As a Jordanian citizen, I am appalled at the senseless and despicable act of terrorism that targeted the southern city of Karak, “At least nine killed by terrorists in Jordanian Crusader castle,” December 19.
This is another unequivocal message of the treacherous times we are living in and how our communities have become vulnerable to the trans-boundary scourge of terrorism.
It is poignant that the attack occurred in a historic castle full of tourists. Terrorists once again displayed callous disregard for human life, dignity, decency and civilization.
Jordan is fighting a legitimate war. It needs all the support and solidarity from the global community to preempt the threat of terrorism and remain a stronghold of peace, hope and moderation in a turbulent region.MUNJED FARID AL QUTOB
London 2-sided plane
Regarding December 18’s business feature “El Al looks to new planes to reassert dominance,” I have been a customer of El Al since 1958.
I do not consider the planes to be the problem, but the attitude of the policy makers in dealing with customers by the executive directors of the company.
One of their biggest mistakes was raising the membership fees for the King David Club.
Although we have been members of King David and Matmid for many many years, El Al raised the membership price so high that the airline has made this a non-viable proposition for many seeing that the majority of those who have had this membership for so long are now living on a pension. This factor and El Al’s more expensive fares are inviting strong competition from other airlines.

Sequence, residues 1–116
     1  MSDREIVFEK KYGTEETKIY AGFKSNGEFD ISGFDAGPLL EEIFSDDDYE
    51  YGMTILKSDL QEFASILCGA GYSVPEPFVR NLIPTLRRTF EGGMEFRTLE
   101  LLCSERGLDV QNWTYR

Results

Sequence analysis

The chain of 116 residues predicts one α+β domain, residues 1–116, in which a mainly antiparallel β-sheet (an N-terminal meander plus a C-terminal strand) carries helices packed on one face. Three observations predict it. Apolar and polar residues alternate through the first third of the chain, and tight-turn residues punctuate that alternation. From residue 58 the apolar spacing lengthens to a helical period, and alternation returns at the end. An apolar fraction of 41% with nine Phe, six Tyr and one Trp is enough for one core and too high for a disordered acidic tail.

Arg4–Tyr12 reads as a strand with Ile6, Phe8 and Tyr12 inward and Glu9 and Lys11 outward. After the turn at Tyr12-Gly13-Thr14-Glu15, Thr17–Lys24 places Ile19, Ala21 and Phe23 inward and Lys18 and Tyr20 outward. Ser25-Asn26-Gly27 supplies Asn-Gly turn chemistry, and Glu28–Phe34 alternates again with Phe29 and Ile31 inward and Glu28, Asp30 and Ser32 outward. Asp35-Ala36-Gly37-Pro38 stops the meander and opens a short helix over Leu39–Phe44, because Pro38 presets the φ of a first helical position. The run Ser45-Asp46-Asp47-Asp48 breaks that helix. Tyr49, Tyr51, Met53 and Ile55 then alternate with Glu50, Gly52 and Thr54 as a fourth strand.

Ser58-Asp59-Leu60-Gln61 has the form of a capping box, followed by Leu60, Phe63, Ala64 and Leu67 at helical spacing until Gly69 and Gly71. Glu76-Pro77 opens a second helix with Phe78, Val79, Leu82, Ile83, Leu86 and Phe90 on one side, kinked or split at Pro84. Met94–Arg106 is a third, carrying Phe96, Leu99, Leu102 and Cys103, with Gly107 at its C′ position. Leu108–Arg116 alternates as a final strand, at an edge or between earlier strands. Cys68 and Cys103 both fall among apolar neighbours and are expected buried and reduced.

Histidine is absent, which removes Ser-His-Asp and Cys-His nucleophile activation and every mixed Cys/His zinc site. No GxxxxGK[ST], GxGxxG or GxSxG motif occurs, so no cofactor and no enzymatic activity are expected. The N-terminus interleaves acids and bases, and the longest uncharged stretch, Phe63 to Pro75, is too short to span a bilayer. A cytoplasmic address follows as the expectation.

I have also found that El Al regularly moves the “goal posts” when applying for bonus tickets and receiving other discounts.
The attitude of El Al seems to be: “We are flying. If you want to you can fly with us.”
In business one has to be hungry for customers. Every customer is important.VICTOR WEISZ
Having to go to Paris at the beginning of this month, I checked prices for direct flights. It came out that El Al was only $30 more than easyJet, after the discount airline added on the charges for bags, seats and fees.
In El Al you are fed (I won’t discuss airplane food) and the difference becomes negligible. Then take into account the choice of flights and their times, the Hebrew-speaking crew and the well-known security: there wasn’t any reason not to go El Al.
As for the planes, on those routes, one usually flies in a Boeing 737.
Those I had were very new. Maybe I’m lucky but both flights were exactly on time.
So, El Al, keep up the good work! DANIEL BRAUNSCHVIG
Jerusalem Clear equation
Following the fuss over the Bezalel poster with Prime Minister Benjamin Netanyahu and the noose (“A-G to probe Bezalel noose poster of Netanyahu,” December 15), I feel the whole issue of criticism should be explained so there are no future misunderstandings.
It goes as follows: Criticism of the Left = Incitement; Criticism of the Right = Free speech.
I hope that’s now clear.CECILIA HENRY
Kfar Bialik Right man
Regarding “J Street ‘vehemently opposed’ to Trump’s choice of envoy to Israel,” if the leftwing advocacy group doesn’t like President-elect Donald Trump’s choice of David Friedman as ambassador to Israel then we know we’re getting the right man.
Beit Shemesh Shiva call